Plus, there is the added bonus of being able to plan. The Life Center counselors offered such good and helpful advice to facilitate my entry into this final stage of life. It's been nothing short of wonderful. I kissed and said good-bye to all my family and friends, and I tied up all the loose ends with a security and efficiency that just broomed all worry from my mind. I am more ready for this than I've ever been for anything in my life.
I just want to thank Life Center and our state legislators for passing our good Right to Die law so that people like me can enter this next stage of life with some dignity intact. We afford that much dignity to dogs and other animals, and it was high time humans claimed a right to equal treatment. Thank you all.
[With the applause of the crowd, Jane walks resolutely into a cylindrical "life chamber", and the door hisses closed behind her. As a red light begins to glow above the life chamber, Jane Doe's husband, John, takes the podium to address the crowd.]
Good afternoon. I am John Doe, Jane's husband. I just want to reiterate the positive words of my wife. I can't tell you what a godsend Life Center has been to me. When I think of all I've avoided - the emotional pain, the loss of money...not just from medical bills, but from missing work...the turmoil and upheaval of my life...well, it's just hard to thank Life Center enough. I didn't have to clean up any vomit or diarrhea, and it's a good thing because I don't think I could've done it; I have a weak stomach. [Chuckles ripple through the crowd.]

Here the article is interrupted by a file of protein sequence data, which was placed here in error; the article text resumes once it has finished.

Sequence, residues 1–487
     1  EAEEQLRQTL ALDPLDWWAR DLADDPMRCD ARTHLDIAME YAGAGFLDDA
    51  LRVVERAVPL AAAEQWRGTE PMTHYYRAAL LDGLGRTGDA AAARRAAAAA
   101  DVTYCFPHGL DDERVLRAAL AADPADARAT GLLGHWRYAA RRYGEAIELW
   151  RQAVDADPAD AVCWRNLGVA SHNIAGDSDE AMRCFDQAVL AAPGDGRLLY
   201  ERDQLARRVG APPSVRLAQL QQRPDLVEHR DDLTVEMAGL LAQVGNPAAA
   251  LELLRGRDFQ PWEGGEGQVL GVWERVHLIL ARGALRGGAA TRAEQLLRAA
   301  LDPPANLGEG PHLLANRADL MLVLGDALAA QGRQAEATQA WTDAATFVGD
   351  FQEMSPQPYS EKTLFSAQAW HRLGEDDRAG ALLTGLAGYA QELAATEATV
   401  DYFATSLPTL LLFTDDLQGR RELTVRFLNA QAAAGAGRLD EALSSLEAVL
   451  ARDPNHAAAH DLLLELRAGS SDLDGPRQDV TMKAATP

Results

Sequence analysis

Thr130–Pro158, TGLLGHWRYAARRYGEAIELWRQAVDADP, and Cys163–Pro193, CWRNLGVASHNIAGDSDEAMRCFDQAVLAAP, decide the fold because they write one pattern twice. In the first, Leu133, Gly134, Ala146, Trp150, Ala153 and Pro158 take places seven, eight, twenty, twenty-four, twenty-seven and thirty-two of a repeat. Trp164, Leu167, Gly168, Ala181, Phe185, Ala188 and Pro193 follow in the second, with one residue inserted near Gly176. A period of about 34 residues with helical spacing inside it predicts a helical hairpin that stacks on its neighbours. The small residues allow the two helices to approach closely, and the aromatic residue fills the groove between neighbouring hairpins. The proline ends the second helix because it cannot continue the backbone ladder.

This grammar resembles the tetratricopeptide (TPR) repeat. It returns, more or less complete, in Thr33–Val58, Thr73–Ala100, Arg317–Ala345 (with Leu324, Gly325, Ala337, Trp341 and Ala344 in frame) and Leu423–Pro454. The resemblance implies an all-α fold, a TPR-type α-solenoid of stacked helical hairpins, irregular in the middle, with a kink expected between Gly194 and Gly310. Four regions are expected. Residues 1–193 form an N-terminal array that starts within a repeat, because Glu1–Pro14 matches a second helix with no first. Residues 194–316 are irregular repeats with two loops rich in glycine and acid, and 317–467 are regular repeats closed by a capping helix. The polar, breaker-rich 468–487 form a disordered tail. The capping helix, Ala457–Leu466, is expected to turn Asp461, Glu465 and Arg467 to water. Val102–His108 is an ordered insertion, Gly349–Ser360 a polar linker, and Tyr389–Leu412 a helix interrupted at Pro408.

Jane was spot on about the Life Center counselors. They gave such good advice and helped us plan for this next stage of life. In fact, I'd like to introduce you to a big result of some of that advice. Honey? [He gestures toward someone to join him on stage. A pretty blonde emerges from the crowd and stands beside him.] This is my fiancee Candee. With the money I saved with Jane, I was able to buy a nice engagement ring and a honeymoon in Bermuda. We'll be married this afternoon and relaxing in our seaside bungalow by tomorrow afternoon, all so slick and smooth, barely a ripple in my life.
[The light above the "life chamber" now glows green, and a small box labeled "Jane Doe" exits the chamber on a little conveyor belt. John holds it up for all to see.]
None of this would've been possible without Life Center and that wonderful Right to Die law that finally allows a man like me to treat my wife with the dignity of a dog. Thanks and God bless you all!
Do you see? Jane's full adoption of that philosophy might seem reasonable, sensible, unselfish, perhaps even noble, but John's full adoption of it reveals the true monstrous selfishness of it. How does a person grow strong in virtue except by living through situations that demand it? Jane robbed John of the opportunity to exercise love, mercy, kindness, compassion, patience, empathy, and a host of other virtues. When virtue is denied a person, what's left? A mercenary.
I am not saying the family of the woman in Colorado exhibits this kind of brute callousness, but I am saying callousness, a loss of natural affection, is the eventual societal consequence of that philosophy. Sanitized horror infects and propagates until a society can neither recognize horror nor feel the emotion appropriate to it.
The Bible predicts that in the end times, people will be without natural affection. May God have mercy on us.